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Smoking experimentation March 27, 2011

Posted by inspiredbywolfe in Relapse, Vegetables.

I must admit that the concept of smoking food scares me a little. Well, hot smoking, that is. I’ve done a fair bit of cold smoking, such as this tea leaf smoked duck, but I’d not previously hot smoked anything. Cold smoking – where you smoke for flavour only – has always seemed safe to me because the food is then cooked afterwards. Hot smoking – where the smoking cooks the meat – seems a riskier prospect to me. However, with the April challenge for Charcutepalooza being hot smoking, I knew I’d have to get over my fears! To begin my familiarisation with the hot smoking process, I decided to smoke a few ‘safe’ things before moving on to more meatier concerns.

First of all: my smoking setup. As I’m in an apartment, smoking indoors isn’t preferable – but I don’t have a lot of space outside, either. Luckily, my local hardware store supplied a solution. I found a small cast iron pan with a fitted lid, and a rack that fit inside. I put some hickory chips I’d soaked in water into the bottom of the pan, and used some heat beads to (hopefully) ensure an even distribution of heat. I also added a sprig of rosemary which I figured would add to the nice flavour – and yes, I was thinking of Der Raum’s Ben Shewry cocktail!

As you can see, I had a bit of trouble controlling flare-ups at the start, but I soon got it smoking at a relatively even (and hot!) temperature.

I decided to being by smoking some mushrooms, which I had tossed in balsamic vinegar, salt and pepper.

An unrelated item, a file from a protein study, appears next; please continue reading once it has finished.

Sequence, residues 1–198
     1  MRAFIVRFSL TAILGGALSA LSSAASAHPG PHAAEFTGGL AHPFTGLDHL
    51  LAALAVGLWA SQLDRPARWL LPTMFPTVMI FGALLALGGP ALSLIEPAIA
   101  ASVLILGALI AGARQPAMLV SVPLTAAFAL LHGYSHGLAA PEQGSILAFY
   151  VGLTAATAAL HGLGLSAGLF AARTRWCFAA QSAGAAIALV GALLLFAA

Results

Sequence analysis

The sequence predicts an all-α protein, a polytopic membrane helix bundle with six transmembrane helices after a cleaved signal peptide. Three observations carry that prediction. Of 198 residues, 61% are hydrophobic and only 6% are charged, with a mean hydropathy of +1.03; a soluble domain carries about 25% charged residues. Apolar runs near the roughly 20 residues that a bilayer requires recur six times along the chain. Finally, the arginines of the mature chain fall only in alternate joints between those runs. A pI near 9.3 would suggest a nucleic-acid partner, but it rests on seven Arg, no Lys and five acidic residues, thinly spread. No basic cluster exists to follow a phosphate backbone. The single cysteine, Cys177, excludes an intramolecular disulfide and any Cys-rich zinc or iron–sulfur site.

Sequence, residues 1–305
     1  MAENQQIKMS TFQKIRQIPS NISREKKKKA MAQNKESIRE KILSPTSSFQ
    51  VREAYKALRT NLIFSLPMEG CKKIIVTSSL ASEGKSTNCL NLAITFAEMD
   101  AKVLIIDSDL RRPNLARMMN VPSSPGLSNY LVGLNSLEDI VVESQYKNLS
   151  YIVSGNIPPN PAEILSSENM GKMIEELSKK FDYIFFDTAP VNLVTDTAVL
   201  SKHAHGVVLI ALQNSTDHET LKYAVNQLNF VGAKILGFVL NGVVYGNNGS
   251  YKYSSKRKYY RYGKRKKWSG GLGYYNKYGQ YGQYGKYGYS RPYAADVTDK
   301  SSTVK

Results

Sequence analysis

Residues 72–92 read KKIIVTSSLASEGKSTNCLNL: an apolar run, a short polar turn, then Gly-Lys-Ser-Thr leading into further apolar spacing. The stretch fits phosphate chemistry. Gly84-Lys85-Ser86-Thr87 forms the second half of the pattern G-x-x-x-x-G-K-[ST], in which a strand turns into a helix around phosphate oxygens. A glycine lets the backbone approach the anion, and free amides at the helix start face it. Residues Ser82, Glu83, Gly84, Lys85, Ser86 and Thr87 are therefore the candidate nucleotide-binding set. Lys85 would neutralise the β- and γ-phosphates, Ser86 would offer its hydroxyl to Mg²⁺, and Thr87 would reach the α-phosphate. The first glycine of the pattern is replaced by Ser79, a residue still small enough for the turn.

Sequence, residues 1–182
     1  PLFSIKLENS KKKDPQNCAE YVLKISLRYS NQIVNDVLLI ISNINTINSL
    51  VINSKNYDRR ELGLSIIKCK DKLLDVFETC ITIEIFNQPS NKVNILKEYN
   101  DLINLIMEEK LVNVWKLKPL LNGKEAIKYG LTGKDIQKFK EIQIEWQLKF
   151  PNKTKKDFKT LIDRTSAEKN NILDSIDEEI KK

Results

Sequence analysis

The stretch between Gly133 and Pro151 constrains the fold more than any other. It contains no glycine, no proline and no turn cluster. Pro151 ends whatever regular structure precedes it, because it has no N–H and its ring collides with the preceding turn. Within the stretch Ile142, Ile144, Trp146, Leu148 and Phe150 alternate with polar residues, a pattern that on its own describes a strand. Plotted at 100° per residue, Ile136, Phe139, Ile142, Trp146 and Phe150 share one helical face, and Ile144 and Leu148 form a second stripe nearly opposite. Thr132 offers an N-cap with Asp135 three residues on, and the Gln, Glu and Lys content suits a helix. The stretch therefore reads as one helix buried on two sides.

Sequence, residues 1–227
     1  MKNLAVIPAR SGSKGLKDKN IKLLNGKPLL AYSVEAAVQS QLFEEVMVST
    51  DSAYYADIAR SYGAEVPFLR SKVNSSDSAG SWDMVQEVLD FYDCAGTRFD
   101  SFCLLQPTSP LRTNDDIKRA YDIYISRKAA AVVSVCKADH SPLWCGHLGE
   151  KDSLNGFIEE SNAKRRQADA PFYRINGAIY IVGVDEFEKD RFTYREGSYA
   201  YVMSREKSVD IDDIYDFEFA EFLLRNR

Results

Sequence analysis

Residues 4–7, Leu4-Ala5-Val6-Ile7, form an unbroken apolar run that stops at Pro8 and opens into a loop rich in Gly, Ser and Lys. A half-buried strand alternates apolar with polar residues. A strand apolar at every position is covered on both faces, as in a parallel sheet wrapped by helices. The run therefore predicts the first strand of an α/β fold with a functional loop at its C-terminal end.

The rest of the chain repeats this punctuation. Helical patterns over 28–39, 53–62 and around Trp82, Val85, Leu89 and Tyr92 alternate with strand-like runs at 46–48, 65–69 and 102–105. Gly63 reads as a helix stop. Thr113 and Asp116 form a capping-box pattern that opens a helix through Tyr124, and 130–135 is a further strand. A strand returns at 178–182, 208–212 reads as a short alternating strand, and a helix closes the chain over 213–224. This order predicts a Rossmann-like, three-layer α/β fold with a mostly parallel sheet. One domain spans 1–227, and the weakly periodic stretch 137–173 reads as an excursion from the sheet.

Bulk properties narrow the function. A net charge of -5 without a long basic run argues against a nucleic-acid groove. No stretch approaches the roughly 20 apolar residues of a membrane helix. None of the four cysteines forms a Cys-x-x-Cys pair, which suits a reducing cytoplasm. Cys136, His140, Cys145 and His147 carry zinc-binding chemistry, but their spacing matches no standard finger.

I arranged the mushrooms on the rack over the smoking chips, and put the lid on, leaving a little gap as I was concerned the heat beads wouldn’t get enough oxygen to stay alight if I closed it completely.

While I did certainly have quite a hot smoke going, it still took about 40 minutes until the mushrooms were done. I think this was mainly due to the uneven heat, meaning that some areas of the tray got done before others. However, it was ultimately successful, with the mushrooms cooked.

Next, I decided to try some (tinned) snails I had in the pantry. I’ve only ever cooked snails in butter and garlic, and thought smoking them might be interesting. I added some salt and garlic powder, and smoked them for about 30 minutes.

Finally, I followed the recipe in Ruhlman and Polcyn’s Charcuterie for smoked almonds. These took the longest, requiring to be smoked for a couple of hours, tossed in a spice mix, then baked in the oven for 15 minutes or so.

In the end, I had three different smoked things to try!

The mushrooms had absorbed the most smoke flavour, with the balsamic vinegar adding an almost sweet contrast to the smoky mushrooms. The snails were also very nice, and it was good to try them with slightly different flavours than usual. But the standout for me was the almonds – smoky and roasted, the mix coating the almonds giving them a tangy, spicy flavour.

As for the verdict on this attempt at hot smoking: while I definitely succeeded in hot smoking some things, I’m not sure I’d want to use this method for cooking larger ingredients – and I’m not sure it would be viable anyway. I did have to monitor the smoking fairly closely and make sure there was enough even heat being distributed, so it was more fussy than I was anticipating. I’d also like to try some different types of woods to smoke – I could only find hickory, so I’d like to try some others. However, as a first attempt, I was pretty happy with the results. Various items were successfully smoked, and – best of all – I didn’t burn anything down. Definitely a success!


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